Re: Definition of Race

Frosch (
9 Feb 95 00:17:59 GMT (Gerold Firl) writes:

>In article <dexter.791587650@aries> (Frosch) writes:
>> (Gerold Firl) writes:

>>>[...] Gould bears a heavy
>>>responsibility for his irresponsible and inflammatory comments couched in
>>>scientific terminology.

>> can you put that in some more detail? in all honesty, gould
>>would have to be one of the most levelled and fair writers on
>>scientific topics - including controversial ones - that i have
>>come across. what has he written on the topic that you consider
>>to be 'irresponsible and inflammatory'?

>Last night I looked through the two books I own written by Gould; urchin in
>the storm and pandas thumb - looking for some examples of flagrant and
>outrageous ideologically based polemics. In all honesty, I couldn't find
>any. I guess I overstated my case. What I found instead was a more
>understated sniping, a repetitious litany of complaint about "crude"
>biological determinism (why is that epithet so popular?) and a constant
>effort to link sociobiology with political oppression. Re-reading Goulds

maybe that epithet is 'so popular' because it fits so well. i
have studied 'genes, minds and culture' in detail and i find it to be
an ill-conceived, irresponsible and grandiose attempt on the part of
both authors to build some 'hard science' around speculative ideas which
wilson had already published ('on human nature'), freely admitting them
to be unfounded speculation. in 'genes, minds and culture', he invites
members of other disciplines to go out and find data to support his
fancy of 'epigenetic rules' determining culture. to me, that belongs
in the same category with 'morphogenetic fields' and rupert sheldrake.

a more recent example of the nonsense of wilson's concept can be
found in 'biophilia hypothesis'. i recommend reading jared diamond's
critical essay within the book itself.

>review of Wilson and Lumsden (sp?), _genes, minds, and culture_, I couldn't
>help but wonder about Goulds personal motives. He really seems concerned
>about the perception that some people might have of sociobiology as a
>revolutionary new approach to understanding the linkage between sociology

it seems to me that gould is a lot more concerned about the use
of sociobiology to uphold social injustice, particularly given 2). i
take it that it doesn't bother you if the explanations of sociobiology
are probably not true?

>and biology, culture and genetics, and goes to great pains to try and show
>that sociobiology is:

>1. Not New, since darwin speculated on the positive feedback potential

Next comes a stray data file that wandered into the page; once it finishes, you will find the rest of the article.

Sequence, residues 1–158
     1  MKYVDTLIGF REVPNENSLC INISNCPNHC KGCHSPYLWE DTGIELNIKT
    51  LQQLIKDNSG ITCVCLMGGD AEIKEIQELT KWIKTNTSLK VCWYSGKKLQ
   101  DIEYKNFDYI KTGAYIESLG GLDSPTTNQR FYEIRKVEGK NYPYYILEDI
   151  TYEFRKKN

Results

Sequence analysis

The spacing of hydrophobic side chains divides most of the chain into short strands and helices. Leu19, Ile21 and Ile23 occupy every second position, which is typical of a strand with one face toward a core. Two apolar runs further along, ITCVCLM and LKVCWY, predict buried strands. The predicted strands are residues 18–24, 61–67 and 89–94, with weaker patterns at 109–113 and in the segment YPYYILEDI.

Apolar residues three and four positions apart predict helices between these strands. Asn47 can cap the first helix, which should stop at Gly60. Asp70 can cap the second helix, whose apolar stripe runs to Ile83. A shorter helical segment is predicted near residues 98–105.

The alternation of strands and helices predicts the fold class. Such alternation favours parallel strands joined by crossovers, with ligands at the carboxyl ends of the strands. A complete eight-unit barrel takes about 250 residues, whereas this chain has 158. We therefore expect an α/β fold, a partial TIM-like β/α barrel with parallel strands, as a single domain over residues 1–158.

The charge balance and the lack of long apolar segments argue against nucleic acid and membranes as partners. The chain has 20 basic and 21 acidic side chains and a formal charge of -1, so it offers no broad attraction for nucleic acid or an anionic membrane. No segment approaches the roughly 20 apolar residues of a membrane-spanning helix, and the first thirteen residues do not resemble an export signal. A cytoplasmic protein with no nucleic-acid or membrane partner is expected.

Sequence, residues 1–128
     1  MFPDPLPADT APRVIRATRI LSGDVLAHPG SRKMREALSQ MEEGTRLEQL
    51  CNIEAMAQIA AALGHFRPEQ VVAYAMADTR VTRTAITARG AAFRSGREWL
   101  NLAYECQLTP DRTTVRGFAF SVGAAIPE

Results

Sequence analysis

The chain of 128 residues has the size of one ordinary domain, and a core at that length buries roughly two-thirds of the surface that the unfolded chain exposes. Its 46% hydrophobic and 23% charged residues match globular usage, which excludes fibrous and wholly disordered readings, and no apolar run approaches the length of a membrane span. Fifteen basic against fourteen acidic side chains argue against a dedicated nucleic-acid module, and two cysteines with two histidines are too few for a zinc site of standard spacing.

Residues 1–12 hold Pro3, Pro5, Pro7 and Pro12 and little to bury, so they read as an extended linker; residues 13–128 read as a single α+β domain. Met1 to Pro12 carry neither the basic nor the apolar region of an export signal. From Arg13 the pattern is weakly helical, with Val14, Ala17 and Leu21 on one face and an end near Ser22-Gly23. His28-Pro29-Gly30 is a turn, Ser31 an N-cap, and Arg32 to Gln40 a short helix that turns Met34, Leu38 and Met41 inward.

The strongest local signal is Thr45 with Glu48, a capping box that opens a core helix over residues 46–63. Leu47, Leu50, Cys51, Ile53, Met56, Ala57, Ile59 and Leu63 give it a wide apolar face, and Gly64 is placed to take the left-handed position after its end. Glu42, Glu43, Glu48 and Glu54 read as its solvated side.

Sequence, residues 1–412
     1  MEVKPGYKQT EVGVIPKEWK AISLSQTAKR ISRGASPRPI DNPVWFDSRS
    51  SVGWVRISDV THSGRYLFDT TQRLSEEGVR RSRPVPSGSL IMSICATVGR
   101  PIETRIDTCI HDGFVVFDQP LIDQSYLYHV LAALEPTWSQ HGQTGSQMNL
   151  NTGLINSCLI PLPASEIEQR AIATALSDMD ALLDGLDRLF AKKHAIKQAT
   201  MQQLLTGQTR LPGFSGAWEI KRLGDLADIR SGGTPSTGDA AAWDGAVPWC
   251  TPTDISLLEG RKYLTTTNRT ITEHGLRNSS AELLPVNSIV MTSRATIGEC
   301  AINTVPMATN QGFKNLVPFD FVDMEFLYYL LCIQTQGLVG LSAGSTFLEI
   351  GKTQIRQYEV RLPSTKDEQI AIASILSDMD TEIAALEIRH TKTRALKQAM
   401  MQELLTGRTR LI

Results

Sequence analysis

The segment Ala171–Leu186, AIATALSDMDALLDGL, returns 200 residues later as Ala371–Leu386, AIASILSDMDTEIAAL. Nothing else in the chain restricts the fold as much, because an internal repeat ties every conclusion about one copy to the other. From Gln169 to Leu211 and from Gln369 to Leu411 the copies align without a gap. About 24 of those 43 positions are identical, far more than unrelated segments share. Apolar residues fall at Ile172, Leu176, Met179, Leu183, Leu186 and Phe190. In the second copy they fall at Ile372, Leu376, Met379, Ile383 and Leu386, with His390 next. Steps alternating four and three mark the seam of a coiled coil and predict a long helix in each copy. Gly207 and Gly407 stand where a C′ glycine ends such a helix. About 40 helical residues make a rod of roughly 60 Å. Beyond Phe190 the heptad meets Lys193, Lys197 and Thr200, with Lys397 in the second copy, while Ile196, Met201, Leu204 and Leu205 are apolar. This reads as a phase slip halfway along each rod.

>between biological and cultural evolution, and

>2. Probably Not True, and

>3. Even if it is true, not nearly as important as punctuated equilibrium,
>which is actually the most Significant and Revolutionary advance in
>evolutionary biology in the late twentieth century.

maybe punctuated equilibrium is that, maybe it is not. but if
you want to claim that gould uses punctuated equilibrium as a refutation
of sociobiology, you had better damn well give a reference, because it
looks to me like you are grasping at straws to find reasons to attack
gould, having failed to find any rejoinder for his arguments.

>lewontin, or kitchener does. His personal crusade in support of truth,
>justice, human dignity and the american wayoflife is a little more low-key.

gould may enthuse about baseball from time to time (i could well
imagine this falls within his concept of 'legitimate parochialism' 8)
but where does he 'crusade for the american way of life'. his way of
relating to and assessing (more to the point, attempting to understand
from the _inside_) developments in other countries counts for me as a
good example of tolerance and open-mindedness in a public writer.

do you have something _against_ a crusade for truth, justice or
human dignity??

>The thing that bothers me the most about gould is the fact that he is
>willing to stoop to personal innuendo to further his own interests. He

this from a man who feels no need to refrain from polemics about
gould's "heavy responsibility for his irresponsible and inflammatory
comments couched in scientific terminology" - and then is compelled
to admit he can't locate any such comments?

>implies that sociobiology is a tool of the tyrannical state, used to
>maintain an oppressive social control, and that scientists who attempt to
>study the co-evolution of memes and genes are, consciously or
>unconsciously, supporting the Evil Empire. He may be motivated by what he
>considers to be noble motives of compassion for the less-fortunate, or he
>may be attempting to secure his place in the history books; either way, his
>use of unethical tactics is reprehensible.

you may not like gould's analyses (it doesn't excuse your hyperbole)
but i'll be damned if i can find any "unethical tactics" in there. the
use of sociobiology to justify and foster racism, sexism and injustice
is pretty clearly historically identifiable and i applaud the patience
of gould in pointing out how 'objective science' has fostered negative
concepts of human beings and served to justify existing oppression.
'the bell curve' counts as a further example of that despicable genre.